With India taking a 1-0 lead in the two-match Test series against the West Indies – that too in an emphatic manner – many might argue there is no chance of a comeback from the hosts. However, if one looks at the bigger picture, a result for India or West Indies or even a draw, will impact the World Test Championship (WTC) greatly.
During the first Test, West Indies skipper Jason Holder made a mistake when he chose to bowl after winning the toss. It was a good hard surface and run-making was relatively easy, but despite that, they did well to restrict India to under 300. Holder has also been vocal about how his top-order has failed miserably, which saw them get bowled out for just 100 in the fourth innings, chasing 419.
“It has been a common thing for our batsmen now. We have not been able to step up as a top-order, the middle and lower order have done an exceptional job,” Holder said. “We are behind the eight ball because we did not bat well in the first innings.”
There is no doubt that the batting is the main concern for the West Indies, which is something that they will have to address in the second Test.
While Holder hit the nail on its head when it comes to the top-order, the same cannot be said about his comments regarding the middle-order.
Their poor dismissal rate in both the graphs above is also further indication that they do not put a price on their wickets. India, on the other hand, are on the right end of both the graphs and they do not need to change much going into the second Test – neither their team nor their approach.
The tour of the Caribbean has always been a tough one especially for India, who had recorded just one series win in eight attempts till 2002. However, since then, they have registered three back-to-back series wins and the hosts stare down the barrel once again.
West Indies, however, do have a reason to cheer as their captain is ranked as the No. 1 all-rounder and thoroughly deserves the accolade. No one has been more dominant among batsmen who bat in the lower-order (8 to 11) since 2018.
Unlike a few of his teammates, Holder stands tall for considerable periods of time as indicated in his balls per dismissal. Not only does he score runs, he scores runs on a consistent basis and also does not throw his wicket away. Without a doubt, he is the best lower-order batsman in the world right now.
As far as his bowling is concerned, he has the best average (14.64) and the second best strike-rate (33.5) among bowlers who have bowled in at least 10 innings since 2018.
West Indies’ batsmen have a new nemesis in the form of Jasprit Bumrah, who blew the opposition away with his pinpoint bowling especially in the second innings at Antigua to walk away with figures of 5 for 7. He, however, managed just one scalp in the first innings.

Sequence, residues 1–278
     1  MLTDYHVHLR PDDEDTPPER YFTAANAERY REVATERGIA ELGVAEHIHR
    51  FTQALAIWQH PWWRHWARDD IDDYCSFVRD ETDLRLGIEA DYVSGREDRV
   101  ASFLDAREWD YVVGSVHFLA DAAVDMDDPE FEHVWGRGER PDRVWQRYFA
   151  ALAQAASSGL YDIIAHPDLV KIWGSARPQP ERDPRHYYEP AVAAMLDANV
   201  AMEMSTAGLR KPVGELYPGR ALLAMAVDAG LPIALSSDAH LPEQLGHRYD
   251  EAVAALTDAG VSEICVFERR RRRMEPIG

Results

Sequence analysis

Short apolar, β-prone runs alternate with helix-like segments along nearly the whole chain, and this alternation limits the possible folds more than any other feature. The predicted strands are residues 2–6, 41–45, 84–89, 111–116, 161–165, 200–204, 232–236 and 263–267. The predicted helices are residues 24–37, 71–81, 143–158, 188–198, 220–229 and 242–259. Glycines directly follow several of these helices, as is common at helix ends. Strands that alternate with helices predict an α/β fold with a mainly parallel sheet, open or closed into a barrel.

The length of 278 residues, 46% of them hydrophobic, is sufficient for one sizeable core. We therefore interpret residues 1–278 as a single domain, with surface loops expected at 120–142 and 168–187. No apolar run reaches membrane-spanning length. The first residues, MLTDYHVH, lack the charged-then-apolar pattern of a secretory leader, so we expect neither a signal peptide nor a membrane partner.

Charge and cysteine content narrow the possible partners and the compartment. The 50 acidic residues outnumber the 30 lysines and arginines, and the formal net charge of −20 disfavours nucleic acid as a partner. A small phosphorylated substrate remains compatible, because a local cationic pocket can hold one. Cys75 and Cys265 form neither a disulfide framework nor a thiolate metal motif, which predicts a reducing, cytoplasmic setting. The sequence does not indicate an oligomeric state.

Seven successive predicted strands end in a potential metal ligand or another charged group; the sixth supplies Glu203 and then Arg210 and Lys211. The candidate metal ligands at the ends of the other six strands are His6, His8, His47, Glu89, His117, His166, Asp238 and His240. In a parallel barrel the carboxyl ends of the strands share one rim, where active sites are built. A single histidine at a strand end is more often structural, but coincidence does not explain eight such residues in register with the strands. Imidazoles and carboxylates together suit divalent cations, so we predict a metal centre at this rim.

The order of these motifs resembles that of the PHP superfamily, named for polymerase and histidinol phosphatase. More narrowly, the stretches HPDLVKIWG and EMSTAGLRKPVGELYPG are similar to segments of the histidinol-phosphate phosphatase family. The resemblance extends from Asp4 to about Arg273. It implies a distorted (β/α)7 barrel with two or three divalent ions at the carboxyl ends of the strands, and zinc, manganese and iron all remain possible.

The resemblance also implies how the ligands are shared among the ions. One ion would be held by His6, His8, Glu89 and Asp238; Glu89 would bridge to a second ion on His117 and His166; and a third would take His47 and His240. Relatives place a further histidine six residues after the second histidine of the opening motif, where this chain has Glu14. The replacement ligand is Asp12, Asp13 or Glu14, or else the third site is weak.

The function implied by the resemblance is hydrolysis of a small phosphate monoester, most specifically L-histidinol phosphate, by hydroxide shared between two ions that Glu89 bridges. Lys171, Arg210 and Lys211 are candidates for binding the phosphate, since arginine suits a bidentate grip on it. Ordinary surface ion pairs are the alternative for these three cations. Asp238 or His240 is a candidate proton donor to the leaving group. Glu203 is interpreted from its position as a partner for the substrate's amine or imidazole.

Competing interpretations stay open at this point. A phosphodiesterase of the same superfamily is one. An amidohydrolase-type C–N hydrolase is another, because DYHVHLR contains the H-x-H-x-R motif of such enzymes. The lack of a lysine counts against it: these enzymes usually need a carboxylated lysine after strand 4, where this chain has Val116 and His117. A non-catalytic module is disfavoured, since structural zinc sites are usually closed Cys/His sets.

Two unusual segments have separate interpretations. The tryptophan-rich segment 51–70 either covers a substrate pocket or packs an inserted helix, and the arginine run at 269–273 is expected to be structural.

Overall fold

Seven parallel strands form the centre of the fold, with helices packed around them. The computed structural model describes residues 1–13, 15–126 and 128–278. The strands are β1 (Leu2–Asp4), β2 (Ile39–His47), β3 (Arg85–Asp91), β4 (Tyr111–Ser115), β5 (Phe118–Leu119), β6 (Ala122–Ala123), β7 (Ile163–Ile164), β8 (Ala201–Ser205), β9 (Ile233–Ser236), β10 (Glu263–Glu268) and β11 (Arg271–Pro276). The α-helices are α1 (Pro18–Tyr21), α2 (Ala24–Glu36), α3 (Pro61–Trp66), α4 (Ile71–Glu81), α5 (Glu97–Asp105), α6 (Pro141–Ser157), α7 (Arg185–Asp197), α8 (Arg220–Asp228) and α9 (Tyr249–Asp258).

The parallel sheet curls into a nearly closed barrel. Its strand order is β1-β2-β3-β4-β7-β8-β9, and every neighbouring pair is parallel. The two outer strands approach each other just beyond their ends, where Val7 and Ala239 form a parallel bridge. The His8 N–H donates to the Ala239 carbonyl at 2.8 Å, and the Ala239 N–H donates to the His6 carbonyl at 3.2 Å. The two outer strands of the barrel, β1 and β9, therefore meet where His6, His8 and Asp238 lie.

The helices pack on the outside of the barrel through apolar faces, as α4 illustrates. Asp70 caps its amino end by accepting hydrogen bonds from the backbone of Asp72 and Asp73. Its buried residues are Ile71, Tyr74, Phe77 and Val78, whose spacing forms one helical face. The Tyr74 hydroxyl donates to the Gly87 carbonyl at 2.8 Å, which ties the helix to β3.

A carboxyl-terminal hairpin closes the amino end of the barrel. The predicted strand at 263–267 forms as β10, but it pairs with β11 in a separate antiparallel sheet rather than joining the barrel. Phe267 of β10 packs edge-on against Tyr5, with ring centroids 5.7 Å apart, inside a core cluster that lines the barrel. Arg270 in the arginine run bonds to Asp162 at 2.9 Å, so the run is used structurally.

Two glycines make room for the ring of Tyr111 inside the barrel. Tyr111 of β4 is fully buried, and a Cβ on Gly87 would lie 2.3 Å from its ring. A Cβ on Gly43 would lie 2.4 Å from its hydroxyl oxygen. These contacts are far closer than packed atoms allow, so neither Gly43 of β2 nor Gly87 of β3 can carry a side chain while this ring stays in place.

Bumrah is a deadly bowler when he bowls around channels that would hit the wickets. In the first innings, he had just 9% of such deliveries. In the second, 16.6% of his deliveries would have gone to hit the stumps, which is perhaps the reason why he went on to pick up his fourth five-wicket haul in Tests.
West Indies have named Keemo Paul as Miguel Cummins’s replacement for the Jamaica Test. Cummins went wicketless in the first Test and Paul might come straight into the XI after recovering from his ankle injury.
The Windies also have off-spin all-rounder Rahkeem Cornwall in their squad and could decide to give him a debut, depending on the conditions. Thunderstorms and cloudy weather are expected for most parts of the five days and both teams could stick to the same bowling combinations.
History beckons for Virat Kohli as a win in this Test will make him the most successful Indian Test captain. MS Dhoni had won 27 Tests in his 60 matches, while Kohli, who equalled that feat at Antigua, looks to go one better at Jamaica.
In the last 18 Tests at Sabina Park, only once has a match ended in a draw – incidentally the same fixture in 2016 – dating back to 1999. Toss will play a crucial role once again. 37.3% of the 51 Tests played at the venue have been won by the team winning the toss.
India will mostly play the same team. The only bones of contention were Ajinkya Rahane and Hanuma Vihari’s places in the side. With emphatic performances in the first Test, they have closed that debate.
The last time the West Indies beat India in the longest form of the game was at Jamaica in 2002. It has been 17 years and 22 Tests since West Indies came out on top against India – something which would have been impossible to fathom before the turn of the millennium.
While West Indies cannot win the series, there is still a lot to play for, for both teams.